New CUH Strength Coach Finds Passion Helping Athletes

Jeremy+Pederson%2C+who+has+been+Chaminade%27s+strength+and+conditioning+coach+since+this+summer%2C+prepares+to+work+out+the+men%27s+basketball+team.+

Ronni Gallegos

Jeremy Pederson, who has been Chaminade’s strength and conditioning coach since this summer, prepares to work out the men’s basketball team.

Guns N’ Roses and Led Zeppelin songs are being blasted from the Chaminade tennis courts as Jeremy Pederson, the university’s new strength and conditioning coach, prepares to work out student athletes. As soon as the workout starts, Pederson is not shy to push student athletes to the limit, or bark at them with encouragement and positive critiques.

After serving 23 years in the Navy and retiring as a Chief Gunner’s Mate, Pederson got his bachelor’s degree in 2018 and master’s degree in 2019 at the University of Hawaii at Manoa in Kinesiology. Pederson’s high energy and intensity is welcomed by the university’s athletes who are trying to get better.

Chaminade’s softball conditioning coach, Austin Pang Kee, was very impressed with Pederson’s work ethic.

“He has taken the time to touch base with all teams,” Pang Kee said. “He also takes time out of his days to ensure he trains his athletes in person as much as possible. I’m sure he’s run into many conflicts during this time but I know that he’s doing his best to get the job done. I know Jeremy has a lot to offer to Chaminade athletes. He’s going to bring a definitive strength and conditioning culture to the Chaminade athletics program.”

Pederson got his personal trainer certification in 2001 while he was still in the Navy. Before becoming a part of the athletic program at CUH, Pederson worked with student athletes at Maryknoll School in Honolulu for three years. When asked why he chose to leave Maryknoll School and come to Chaminade, Pederson stated that he was reeled in to CUH by being the head strength coach. For him, it has always been a progression; he coached high school and now he’s moving up.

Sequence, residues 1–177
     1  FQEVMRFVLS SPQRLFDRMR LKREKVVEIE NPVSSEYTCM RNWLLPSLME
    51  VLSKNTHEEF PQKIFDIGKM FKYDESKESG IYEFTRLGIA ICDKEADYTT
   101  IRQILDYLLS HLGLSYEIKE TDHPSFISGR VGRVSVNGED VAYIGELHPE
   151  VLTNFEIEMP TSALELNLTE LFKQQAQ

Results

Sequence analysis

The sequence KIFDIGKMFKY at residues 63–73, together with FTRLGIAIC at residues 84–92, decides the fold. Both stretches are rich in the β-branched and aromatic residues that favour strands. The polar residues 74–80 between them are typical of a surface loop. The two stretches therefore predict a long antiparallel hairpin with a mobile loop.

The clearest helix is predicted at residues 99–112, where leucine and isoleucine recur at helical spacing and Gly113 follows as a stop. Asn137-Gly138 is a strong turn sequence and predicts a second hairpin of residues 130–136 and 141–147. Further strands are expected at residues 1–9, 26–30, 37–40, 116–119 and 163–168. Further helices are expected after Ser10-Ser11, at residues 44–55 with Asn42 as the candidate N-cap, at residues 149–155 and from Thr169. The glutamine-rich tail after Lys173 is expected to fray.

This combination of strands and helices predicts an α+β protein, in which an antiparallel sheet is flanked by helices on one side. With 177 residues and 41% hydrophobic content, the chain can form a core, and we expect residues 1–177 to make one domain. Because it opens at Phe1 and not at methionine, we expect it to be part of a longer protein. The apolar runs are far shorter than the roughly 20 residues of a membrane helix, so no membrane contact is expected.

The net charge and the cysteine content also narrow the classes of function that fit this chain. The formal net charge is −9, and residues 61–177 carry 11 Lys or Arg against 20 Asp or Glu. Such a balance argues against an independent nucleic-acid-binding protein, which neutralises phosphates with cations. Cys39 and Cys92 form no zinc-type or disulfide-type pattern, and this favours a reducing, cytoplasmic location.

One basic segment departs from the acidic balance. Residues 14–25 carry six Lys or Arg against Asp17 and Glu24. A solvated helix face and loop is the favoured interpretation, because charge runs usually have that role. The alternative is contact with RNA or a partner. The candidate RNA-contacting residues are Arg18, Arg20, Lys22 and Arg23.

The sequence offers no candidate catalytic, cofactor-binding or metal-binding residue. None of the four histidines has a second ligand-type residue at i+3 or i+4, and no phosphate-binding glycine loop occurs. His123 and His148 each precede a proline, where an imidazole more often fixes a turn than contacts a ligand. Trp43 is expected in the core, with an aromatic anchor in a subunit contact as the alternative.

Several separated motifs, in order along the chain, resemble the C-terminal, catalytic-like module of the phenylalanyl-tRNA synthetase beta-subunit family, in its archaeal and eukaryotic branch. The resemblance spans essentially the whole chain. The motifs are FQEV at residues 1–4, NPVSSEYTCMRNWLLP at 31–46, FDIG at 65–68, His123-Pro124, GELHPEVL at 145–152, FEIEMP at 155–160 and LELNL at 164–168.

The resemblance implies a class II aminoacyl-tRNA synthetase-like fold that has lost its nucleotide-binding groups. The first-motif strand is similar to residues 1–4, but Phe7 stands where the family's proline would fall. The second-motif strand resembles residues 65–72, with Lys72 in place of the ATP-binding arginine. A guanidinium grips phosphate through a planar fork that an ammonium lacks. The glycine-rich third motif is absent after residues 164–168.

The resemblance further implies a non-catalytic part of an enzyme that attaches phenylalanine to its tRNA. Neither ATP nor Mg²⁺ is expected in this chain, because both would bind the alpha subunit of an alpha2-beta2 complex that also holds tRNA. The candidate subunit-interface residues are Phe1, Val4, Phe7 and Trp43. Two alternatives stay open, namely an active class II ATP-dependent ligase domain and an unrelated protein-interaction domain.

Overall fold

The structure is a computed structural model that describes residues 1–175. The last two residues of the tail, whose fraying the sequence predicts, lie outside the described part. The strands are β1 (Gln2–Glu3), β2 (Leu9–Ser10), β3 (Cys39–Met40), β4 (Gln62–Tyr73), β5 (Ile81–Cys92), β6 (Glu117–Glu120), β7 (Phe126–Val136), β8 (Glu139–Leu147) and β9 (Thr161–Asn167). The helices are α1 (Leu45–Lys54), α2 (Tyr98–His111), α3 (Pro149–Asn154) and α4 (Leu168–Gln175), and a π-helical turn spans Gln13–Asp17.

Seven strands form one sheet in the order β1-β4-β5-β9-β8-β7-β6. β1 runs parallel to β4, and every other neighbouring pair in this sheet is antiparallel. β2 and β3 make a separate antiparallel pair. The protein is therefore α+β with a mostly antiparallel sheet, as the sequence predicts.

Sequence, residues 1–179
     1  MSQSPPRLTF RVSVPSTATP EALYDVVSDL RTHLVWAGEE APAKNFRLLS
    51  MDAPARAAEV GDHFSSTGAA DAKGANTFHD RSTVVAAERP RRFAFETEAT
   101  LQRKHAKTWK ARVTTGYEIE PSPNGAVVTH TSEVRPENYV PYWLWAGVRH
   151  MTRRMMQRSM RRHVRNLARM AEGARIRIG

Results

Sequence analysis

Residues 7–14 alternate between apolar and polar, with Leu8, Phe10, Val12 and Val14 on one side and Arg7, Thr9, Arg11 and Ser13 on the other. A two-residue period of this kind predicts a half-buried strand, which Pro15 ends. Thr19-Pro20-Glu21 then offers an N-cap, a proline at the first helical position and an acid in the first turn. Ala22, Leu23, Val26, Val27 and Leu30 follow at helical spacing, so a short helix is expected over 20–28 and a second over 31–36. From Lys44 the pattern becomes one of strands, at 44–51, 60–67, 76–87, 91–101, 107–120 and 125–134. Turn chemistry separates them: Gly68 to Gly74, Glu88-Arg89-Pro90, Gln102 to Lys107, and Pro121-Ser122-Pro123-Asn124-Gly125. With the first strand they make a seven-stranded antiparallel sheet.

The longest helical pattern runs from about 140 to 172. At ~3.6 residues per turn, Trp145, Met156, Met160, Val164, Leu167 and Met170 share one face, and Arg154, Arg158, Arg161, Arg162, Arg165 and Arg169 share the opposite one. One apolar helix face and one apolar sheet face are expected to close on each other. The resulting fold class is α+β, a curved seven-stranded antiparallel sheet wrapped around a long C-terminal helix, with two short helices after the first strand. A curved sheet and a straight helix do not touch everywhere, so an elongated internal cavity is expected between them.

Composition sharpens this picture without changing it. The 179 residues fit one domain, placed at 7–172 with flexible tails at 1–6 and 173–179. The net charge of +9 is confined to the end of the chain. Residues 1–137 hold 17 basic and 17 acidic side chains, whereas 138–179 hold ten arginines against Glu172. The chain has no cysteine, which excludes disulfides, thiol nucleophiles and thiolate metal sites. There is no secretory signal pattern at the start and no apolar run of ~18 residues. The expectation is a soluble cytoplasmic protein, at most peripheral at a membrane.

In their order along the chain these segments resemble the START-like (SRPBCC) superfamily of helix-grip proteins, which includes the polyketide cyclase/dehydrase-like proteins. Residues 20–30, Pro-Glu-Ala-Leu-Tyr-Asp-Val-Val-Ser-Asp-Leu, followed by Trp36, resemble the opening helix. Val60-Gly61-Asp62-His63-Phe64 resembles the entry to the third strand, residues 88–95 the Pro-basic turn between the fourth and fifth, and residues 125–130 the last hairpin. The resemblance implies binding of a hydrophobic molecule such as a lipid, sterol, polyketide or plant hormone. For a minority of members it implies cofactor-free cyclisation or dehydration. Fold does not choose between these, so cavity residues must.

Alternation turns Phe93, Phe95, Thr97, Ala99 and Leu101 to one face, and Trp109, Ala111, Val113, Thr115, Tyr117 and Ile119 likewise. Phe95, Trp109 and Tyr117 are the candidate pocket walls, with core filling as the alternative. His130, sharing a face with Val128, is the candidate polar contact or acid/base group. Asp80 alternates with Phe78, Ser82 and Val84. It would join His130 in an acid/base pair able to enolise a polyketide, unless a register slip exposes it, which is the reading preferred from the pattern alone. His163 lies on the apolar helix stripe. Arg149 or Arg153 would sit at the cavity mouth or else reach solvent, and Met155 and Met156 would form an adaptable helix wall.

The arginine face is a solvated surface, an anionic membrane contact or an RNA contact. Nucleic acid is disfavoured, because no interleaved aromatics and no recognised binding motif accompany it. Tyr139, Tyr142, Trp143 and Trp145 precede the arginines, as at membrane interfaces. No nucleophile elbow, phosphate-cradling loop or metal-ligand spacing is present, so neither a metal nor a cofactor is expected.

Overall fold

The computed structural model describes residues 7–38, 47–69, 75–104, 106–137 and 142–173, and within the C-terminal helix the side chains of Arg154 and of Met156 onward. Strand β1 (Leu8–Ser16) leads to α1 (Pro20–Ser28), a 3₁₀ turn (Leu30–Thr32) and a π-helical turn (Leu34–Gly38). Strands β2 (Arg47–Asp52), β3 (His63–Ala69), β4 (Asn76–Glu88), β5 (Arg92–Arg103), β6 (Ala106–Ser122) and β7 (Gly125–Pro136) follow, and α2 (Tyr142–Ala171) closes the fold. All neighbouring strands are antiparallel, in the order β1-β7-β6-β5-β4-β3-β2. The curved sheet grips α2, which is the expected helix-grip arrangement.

“The chance to work with college athletes and where it is a ‘Hey your function in life is you’re going to come see me and you’re going to lift heavy things and there are no excuses,” said Pederson, who is 45 years old. “I can give back and I have a chance to mentor people, which is something I’ve done for 20 years and give you all the tools that I didn’t have when I was your age to make you better athletes.”

Because of Covid-19, training and practicing has looked different for student athletes. Pederson shared his struggles in conducting workouts over Zoom. He said he can only correct so much form and can only so do much variety with body weight workouts. He said he tried to make the workouts fun for CUH athletes and he tried to have team competitions to create camaraderie. Pederson was relieved when in-person workouts were approved for student athletes in Oct.

This was junior CUH basketball player Isaac Amaral-Artharee’s first semester with Pederson.

“His workouts are good, but again we can’t get in the weight room so it’s hard for me to make a fair judgement,” Amaral-Artharee said. “Given the circumstances and what we have to work with, I think he’s doing a good job with the workouts. I think he’s made a positive impact on the team so far and look forward to him continuing that moving forward.”

Pederson’s biggest area of focus for improving CUH athletes is that he is willing to tailor to the athlete he is working with. He wants to help athletes achieve their goals whether that be getting stronger, faster, or more agile, and even help them achieve academic or personal goals to become a well-rounded person.

“When I can stand in front of somebody and have an interaction with them, that’s important,” Pederson said. “I’m glad we’re in person and I hope we stay that way.”